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Dishonest Waterproofing Company

I'm selling my house. The buyer had a mold remediation specialist in to check for mold. They are also a waterproofing company. We subsequently got slapped with a report that stated we had an ongoing water problem in basement, and that a full french drain system is needed (we already have a french drain leading to a sump pump - no mold found btw, and the original inspection said the basement was dry). I will be speaking with the waterproofing company soon. What questions can I ask to make sure the company clearly articulates the issue and reason for suggested remediation?

Our Answer

This scenario has conflict of interest written all over it!  First off, you are dealing with one of the most disreputable groups of contractors in the remodeling industry. Waterproofing company contractors ALWAYS recommend expensive solutions to wet basement problems that are almost always easily fixed with simple improvements to grading and gutter drainage.   And they do so by panic peddling an expensive solution, that is almost never needed.  They'll tell you your home will essentially collapse underfoot unless your get out your checkbook -- and fast.   

More recently, this slippery sub-section of the home improvement industry have also declared themselves "mold experts" which is rarely the case.  If pressed, I'd be shocked if they could produce any credible example of a certification, license, or degree that would truly qualify them as mold remediation experts.

In your case, it's even worse since it sounds very much like they are declaring a problem where none may exist. Plus, the solution they suggest is already installed!

My recommendation is to push back - hard - with the buyer. Let them know sending a contractor with a clear conflict-of-interest to proclaim a problem that will enrich their pockets isn't going to fly, especially when the very solution they recommend is already installed and where their own home inspector reported the basement as dry.  Tell them if they want to send in a State licensed structural engineer to do a proper inspection and submit a report signed and sealed by that engineer, you'll consider your options.  But otherwise, I'd refuse to do anything and find another buyer. 

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mosquito, trap

Best Bug Repellars?

Have you had any experience with electric ultra sonic bug repellers? If so do they work well for bug infestations?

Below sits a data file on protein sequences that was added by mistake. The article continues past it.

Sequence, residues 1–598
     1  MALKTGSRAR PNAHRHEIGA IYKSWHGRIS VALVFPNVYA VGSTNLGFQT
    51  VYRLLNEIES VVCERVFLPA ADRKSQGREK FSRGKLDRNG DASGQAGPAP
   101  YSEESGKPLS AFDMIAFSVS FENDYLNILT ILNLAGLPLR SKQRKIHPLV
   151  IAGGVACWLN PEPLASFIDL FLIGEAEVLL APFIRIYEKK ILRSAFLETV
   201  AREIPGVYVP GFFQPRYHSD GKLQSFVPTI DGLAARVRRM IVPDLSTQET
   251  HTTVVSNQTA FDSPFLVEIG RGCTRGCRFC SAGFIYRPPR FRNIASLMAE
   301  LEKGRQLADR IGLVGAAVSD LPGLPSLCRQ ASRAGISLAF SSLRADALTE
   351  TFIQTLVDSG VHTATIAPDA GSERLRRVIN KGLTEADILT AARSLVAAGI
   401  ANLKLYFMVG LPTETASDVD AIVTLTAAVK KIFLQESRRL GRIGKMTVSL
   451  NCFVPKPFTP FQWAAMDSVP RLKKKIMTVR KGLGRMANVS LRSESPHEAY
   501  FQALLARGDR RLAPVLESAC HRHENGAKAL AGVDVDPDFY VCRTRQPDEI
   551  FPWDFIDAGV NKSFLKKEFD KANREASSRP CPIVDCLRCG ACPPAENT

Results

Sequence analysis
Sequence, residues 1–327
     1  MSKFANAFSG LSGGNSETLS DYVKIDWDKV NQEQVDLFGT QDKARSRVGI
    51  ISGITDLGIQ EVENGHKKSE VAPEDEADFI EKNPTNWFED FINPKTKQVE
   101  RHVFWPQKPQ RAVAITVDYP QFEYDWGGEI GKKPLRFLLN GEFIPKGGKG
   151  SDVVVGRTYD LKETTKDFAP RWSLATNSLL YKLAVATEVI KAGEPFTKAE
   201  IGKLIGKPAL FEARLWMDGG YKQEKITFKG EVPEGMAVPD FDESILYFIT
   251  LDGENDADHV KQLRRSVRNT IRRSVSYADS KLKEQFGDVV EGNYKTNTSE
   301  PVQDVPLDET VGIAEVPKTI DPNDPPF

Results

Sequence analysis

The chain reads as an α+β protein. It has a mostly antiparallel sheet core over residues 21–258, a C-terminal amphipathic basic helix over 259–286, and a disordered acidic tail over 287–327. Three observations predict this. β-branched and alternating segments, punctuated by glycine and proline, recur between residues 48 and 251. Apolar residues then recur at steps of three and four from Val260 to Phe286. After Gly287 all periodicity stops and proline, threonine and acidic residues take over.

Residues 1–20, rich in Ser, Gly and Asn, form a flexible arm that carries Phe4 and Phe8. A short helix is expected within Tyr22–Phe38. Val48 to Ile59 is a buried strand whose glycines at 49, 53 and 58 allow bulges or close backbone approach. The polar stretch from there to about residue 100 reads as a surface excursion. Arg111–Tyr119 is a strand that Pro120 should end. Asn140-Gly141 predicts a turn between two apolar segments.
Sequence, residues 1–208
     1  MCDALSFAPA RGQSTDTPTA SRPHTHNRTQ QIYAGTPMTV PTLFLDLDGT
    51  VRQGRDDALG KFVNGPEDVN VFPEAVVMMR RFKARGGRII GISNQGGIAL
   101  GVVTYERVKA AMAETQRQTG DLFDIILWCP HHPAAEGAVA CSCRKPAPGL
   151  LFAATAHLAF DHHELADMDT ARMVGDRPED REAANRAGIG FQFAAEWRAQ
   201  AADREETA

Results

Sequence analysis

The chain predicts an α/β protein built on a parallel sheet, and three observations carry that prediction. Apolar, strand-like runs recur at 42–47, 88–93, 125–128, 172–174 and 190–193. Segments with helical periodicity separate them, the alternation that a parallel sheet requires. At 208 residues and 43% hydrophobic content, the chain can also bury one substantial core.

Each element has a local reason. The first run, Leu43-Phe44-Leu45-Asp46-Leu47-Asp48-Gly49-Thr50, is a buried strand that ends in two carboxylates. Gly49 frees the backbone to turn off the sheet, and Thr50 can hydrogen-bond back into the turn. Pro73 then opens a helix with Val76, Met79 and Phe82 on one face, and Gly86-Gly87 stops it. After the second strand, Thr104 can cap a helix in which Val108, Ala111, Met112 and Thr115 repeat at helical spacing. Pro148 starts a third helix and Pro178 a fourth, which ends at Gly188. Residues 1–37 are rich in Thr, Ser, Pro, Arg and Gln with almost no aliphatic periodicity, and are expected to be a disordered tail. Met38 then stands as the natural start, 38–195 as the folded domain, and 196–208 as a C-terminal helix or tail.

Our Answer

I've never heard good things about so called "sonic" bug repellers of any kind.  Over the last two years however, I have become a very big fan of the DynaTrap Insect Trap.  Our home is located adjacent to wetlands where mosquitoes are very prevalent. Over the last two years I have used DynaTrap, we hardly had a single bite!

DynaTrap works differently than other mosquito products.  It emits a UV light that draws bugs close, and then CO(irresistible to mosquitoes) is released by the photo-catalytic reaction of Titanium Dioxide treated surfaces and UV-Light. Finally, a fan captures the insects and draws them into a screened in basket where they literally pile up.  If you get one, here's a tip -- plug it in and leave it on 24/7. Over time, it actually decreases the mosquito population, making it even more effective.

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gas stove, range, cooking

Electric to Gas Stove: Good Return on Investment?

We currently have an old electric stove and we are not sure if we should add a gas line and put in a gas stove. Would there be a good return on investment? Or, are electric stoves now more energy efficient and have more benefits than before?

Our Answer

Converting an electric to gas stove will result in a lower operating cost by about 26%, according to some gas conversion estimates, but like most things, its not that simple.  When factoring in the cost of a new gas stove appliance, it would take many, many years for any real savings to occur.  That said, since the electric stove is old and would need to be replaced soon anyway, now would be a good time to make the switch.

Other benefits would include reduced CO2 emissions and more precise control of your cooking temperature.  Plus, there may be rebates available from your local utility company.  My suggestion would be to contact the utility company next, and ask both about the rebates, as well as any costs to run the gas line to your home.  In my experience, so long as you are installing at least one gas appliance, there would be little to no charge from the utility company for hooking you up -- plus now you'll have another fuel option to consider when it comes time to replace your water heater or furnace too.

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